Salvia, also known as meadow sage, is a vibrant long bloomer, deliciously fragrant, and great for attracting butterflies. It starts flowering in early summer and continues through early fall if you keep cutting the faded flowers off. It's also a strong per­former in all types of soils, including difficult clay, and one of the most carefree perennials you can grow. The perennial species come in an array of colors, including blue, lavender, red and white, so you can easily find one (or more) to complement your landscape and your décor.

WHERE TO GROW: Zones 4-8

WHEN TO CUT: Flowers with multiple buds on each stem, such as salvia, should have at least one bud showing color and one bud starting to open before being cut.


For sheer garden drama, few flowers steal the show like dahlias. A big part of the flower’s allure is the seemingly infinite variety of blooms available – from giant “dinner plate” blooms (up to 14 inches across) to the pretty and profuse blossoms of the smaller varieties (some as tiny as a button). The flowers also come in a huge variety of colors – from winter white to crimson red, pale lavender to deep bronze. Dahlias, with their strong stems, long-lasting blooms, and substantial, attractive foliage, make striking and long-lasting cut flowers. The bonus? The more you cut them, the more flowers they produce.

WHERE TO GROW: Zones 8-10

WHEN TO CUT: Choose flowers that are fully open or close to it, with firm, well-filled centers. Make your cut above a set of leaves and above the side buds to encourage reblooming on the plant, leaving as much length of the stem as you can for ease in arranging. Recut the dahlia stems under lukewarm water.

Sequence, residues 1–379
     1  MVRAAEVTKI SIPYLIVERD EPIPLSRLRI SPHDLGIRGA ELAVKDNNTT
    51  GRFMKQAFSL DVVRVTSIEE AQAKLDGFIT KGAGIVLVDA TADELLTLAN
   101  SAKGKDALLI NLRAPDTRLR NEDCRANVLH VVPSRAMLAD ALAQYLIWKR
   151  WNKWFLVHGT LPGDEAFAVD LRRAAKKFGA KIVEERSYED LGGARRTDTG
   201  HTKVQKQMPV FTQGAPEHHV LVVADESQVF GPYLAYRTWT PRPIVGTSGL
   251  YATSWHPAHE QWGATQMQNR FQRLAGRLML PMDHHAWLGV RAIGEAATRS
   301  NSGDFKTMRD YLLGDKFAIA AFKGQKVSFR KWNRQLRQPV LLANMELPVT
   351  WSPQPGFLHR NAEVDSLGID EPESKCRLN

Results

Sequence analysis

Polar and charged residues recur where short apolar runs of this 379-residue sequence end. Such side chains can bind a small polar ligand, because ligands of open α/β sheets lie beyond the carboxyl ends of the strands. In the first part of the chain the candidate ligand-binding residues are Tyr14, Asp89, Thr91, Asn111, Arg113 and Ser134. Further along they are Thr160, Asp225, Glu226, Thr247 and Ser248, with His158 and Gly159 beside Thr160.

Peony is a standard in Alaska’s cut flower trade due to its gorgeous buds, extremely large blossoms, long vase life and romantic fragrance. It’s also a very long-lived plant (up to 50 years!) that forms 2- to 4-foot-tall clumps in shrublike bunches. Its numerous varieties offer a wide range of colors (pinks, reds, yellow, whites and coral), and if you choose the right mix of varietals, you can have an amazing show until August. The ever popular Sarah Bernhardt, one of the best and easiest species to grow in Alaska, produces huge and fragrant dark rose pink blossoms. Peonies are outstanding as fresh-cut flowers – a half dozen fully opened blossoms will easily fill a vase with long lasting color – even up to four weeks if harvested properly.

WHERE TO GROW: Zones 3-8

WHEN TO CUT: Harvest buds while in the “marshmallow” stage, just beginning to show a slit of color. Cut the stems long but leave at least two leaves on the plant below the cut. Flowers will continue to open when placed in floral preservative and water.